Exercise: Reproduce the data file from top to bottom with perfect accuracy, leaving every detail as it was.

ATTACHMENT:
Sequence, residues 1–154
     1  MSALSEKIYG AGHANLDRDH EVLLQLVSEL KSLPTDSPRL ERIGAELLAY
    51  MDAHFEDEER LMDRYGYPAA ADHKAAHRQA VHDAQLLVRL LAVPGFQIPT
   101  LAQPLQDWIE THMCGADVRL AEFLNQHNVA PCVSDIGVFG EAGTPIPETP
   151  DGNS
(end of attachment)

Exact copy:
Sequence, residues 1–154
     1  MSALSEKIYG AGHANLDRDH EVLLQLVSEL KSLPTDSPRL ERIGAELLAY
    51  MDAHFEDEER LMDRYGYPAA ADHKAAHRQA VHDAQLLVRL LAVPGFQIPT
   101  LAQPLQDWIE THMCGADVRL AEFLNQHNVA PCVSDIGVFG EAGTPIPETP
   151  DGNS